The goal of this investigation was to determine the distribution of myocardial apoptosis in myocytes and nonmyocytes in primates and patients with heart failure (HF). Almost all clinical cardiologists and cardiovascular investigators believe that myocyte apoptosis is considered to be a cardinal sign of HF and a major factor in its pathogenesis. However, with the knowledge that 75% of the number of cells in the heart are nonmyocytes, it is important to determine whether the apoptosis in HF is occurring in myocytes or in nonmyocytes. We studied both a nonhuman primate model of chronic HF, induced by rapid pacing 2–6 mo after myocardial infarction (MI), and biopsies from patients with ischemic cardiomyopathy. Dual labeling with a cardiac muscle marker was used to discriminate apoptosis in myocytes versus nonmyocytes. Left ventricular ejection fraction decreased following MI (from 78% to 60%) and further with HF (35%, P < 0.05). As expected, total apoptosis was increased in the myocardium following recovery from MI (0.62 cells/mm2) and increased further with the development of HF (1.91 cells/mm2). Surprisingly, the majority of apoptotic cells in MI and MI + HF, and in both the adjacent and remote areas, were nonmyocytes. This was also observed in myocardial biopsies from patients with ischemic cardiomyopathy. We found that macrophages contributed the largest fraction of apoptotic nonmyocytes (41% vs. 18% neutrophils, 16% fibroblast, and 25% endothelial and other cells). Although HF in the failing human and monkey heart is characterized by significant apoptosis, in contrast to current concepts, the apoptosis in nonmyocytes was eight- to ninefold greater than in myocytes.
since the report of apoptosis in the ischemia-reperfused rabbit heart (17), it has been suggested that apoptosis may be responsible for a significant amount of cardiomyocyte death during the acute and chronic stages of myocardial infarction (MI) (5, 32, 38, 50). The importance of apoptosis in the pathogenesis of heart failure (HF) has also been emphasized in both animal models and humans (1, 11, 13, 16, 18, 29, 32, 42, 44, 50). Further evidence supporting an important role for apoptosis in left ventricular (LV) dysfunction and HF comes from studies of coronary artery occlusion (CAO) and reperfusion (6, 34, 36). Conversely, other studies, using transgenic or knockout mice, have found that the inhibition of apoptosis results in a reduced infarct size and in the maintenance of LV function (9, 20, 23, 27, 28). Therefore, it has been suggested that apoptosis plays an adverse role in LV remodeling and contributes to the development of HF after chronic MI (1, 5, 18, 35, 37, 38, 42). Although most studies of apoptosis have focused on the infarct area in the central ischemic zone (1, 5), others have observed apoptosis in adjacent and remote myocardium (1, 5, 33, 34, 41). It is tacitly assumed that apoptosis in myocytes may ultimately diminish the number of contractile elements in the heart, resulting in LV dysfunction and HF. In view of the fact that 75% of the cells in the heart are nonmyocytes (21), it is not unreasonable to expect that apoptosis may also occur in these cells, as well as in myocytes. We tested this hypothesis both in a nonhuman primate model of chronic HF, induced by rapid pacing initiated 2–6 mo following MI, and also in myocardial biopsies from patients with HF.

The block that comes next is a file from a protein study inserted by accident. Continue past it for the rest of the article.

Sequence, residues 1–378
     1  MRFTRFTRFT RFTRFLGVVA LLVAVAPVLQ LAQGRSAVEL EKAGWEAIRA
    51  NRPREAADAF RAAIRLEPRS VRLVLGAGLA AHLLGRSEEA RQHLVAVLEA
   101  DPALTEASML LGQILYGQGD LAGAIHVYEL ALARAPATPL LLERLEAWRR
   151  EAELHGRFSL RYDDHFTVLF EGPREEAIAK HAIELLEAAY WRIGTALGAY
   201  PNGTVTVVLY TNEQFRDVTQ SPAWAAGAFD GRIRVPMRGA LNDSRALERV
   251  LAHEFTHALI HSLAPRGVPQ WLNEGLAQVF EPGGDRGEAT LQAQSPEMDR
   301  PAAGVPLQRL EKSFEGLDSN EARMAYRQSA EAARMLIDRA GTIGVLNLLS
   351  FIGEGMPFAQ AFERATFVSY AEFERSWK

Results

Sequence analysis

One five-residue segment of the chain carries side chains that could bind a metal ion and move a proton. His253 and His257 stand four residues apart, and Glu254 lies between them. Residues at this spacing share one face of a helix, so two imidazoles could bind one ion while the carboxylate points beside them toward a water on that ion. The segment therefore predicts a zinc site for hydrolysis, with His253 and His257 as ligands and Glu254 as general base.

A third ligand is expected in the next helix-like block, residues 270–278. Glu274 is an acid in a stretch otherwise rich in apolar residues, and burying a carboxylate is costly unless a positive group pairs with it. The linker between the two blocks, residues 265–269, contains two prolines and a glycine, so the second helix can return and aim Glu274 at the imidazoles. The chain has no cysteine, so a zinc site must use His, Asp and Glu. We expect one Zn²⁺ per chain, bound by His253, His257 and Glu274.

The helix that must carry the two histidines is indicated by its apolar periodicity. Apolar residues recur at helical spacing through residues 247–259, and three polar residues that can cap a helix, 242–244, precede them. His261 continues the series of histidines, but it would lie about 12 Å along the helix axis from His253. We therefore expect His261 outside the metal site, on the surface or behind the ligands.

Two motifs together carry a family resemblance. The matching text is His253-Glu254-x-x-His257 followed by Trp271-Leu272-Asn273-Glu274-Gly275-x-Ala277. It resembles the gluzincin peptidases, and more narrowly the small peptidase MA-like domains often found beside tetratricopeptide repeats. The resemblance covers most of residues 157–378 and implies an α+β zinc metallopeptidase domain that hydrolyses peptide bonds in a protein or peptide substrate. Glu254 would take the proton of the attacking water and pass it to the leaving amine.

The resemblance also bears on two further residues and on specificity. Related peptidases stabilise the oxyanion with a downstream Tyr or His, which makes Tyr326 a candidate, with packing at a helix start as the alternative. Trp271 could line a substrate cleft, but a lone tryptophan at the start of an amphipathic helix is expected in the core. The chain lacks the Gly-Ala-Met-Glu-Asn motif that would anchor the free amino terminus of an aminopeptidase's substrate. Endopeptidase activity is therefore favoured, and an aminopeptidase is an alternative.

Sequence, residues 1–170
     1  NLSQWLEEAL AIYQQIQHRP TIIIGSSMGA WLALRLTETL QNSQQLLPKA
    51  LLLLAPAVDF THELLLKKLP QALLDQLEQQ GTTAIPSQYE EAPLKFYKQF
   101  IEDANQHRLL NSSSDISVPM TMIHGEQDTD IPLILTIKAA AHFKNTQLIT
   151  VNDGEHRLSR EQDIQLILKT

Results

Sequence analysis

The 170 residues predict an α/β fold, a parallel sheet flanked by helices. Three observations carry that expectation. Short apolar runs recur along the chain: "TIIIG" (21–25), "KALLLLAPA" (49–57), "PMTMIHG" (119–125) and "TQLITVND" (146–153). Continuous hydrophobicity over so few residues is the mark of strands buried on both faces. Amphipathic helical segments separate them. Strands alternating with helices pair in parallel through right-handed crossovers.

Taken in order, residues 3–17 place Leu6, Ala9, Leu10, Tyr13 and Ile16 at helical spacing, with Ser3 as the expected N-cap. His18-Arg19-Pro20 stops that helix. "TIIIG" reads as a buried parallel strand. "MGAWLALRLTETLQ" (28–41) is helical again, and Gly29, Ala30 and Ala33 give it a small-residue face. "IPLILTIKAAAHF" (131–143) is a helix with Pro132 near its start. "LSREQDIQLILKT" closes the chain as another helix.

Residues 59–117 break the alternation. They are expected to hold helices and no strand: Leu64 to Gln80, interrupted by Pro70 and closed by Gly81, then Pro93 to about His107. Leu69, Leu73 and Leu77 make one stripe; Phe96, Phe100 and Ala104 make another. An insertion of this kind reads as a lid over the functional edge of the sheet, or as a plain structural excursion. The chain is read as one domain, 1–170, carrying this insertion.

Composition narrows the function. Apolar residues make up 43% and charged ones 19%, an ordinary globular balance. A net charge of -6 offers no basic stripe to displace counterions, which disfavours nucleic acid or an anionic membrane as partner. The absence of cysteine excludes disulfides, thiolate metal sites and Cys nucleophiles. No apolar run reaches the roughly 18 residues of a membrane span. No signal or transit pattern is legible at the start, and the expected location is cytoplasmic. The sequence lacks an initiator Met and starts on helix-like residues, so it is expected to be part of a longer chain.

Monkey model of HF following chronic MI.
Twenty 3.4–9.5-yr-old male monkeys (Macaca fascicularis) were assigned to one of three groups: chronic MI with and without HF or sham-operated controls. Monkeys were fed a standard primate diet containing 5 to 6% fat, 18 to 25% protein, and 0.2 to 0.3% sodium chloride as previously described (3). All monkeys had normal laboratory values for fasting plasma glucose, cholesterol, and triglycerides. This study was approved by the Institutional Animal Care and Use Committee and the Institutional Review Board at the New Jersey Medical School.
After 1 mo quarantine, animals were tranquilized with ketamine hydrochloride (2 to 3 mg/kg im) and then anesthetized with isoflurane (1.0 to 2.0 vol/100 ml in oxygen) and were instrumented for measurements of LV hemodynamics as we have reported previously (3, 4, 43). Tygon catheters were implanted in the descending aorta and left atrium for pressure measurements. A miniature solid-state pressure gauge (Konigsberg Instruments; Pasadena, CA) was inserted into the LV through the apex for measurements of LV pressure and the first derivative of LV pressure. After that, the mid-left anterior descending coronary artery and its branches were occluded to induce MI. For the MI group, myocardial tissue samples were obtained after 2 mo of MI. For the MI + HF group, rapid ventricular pacing, at a rate of 270 beats/min, was initiated after 2–6 mo of MI and continued until the development of HF, at which point tissue samples were obtained.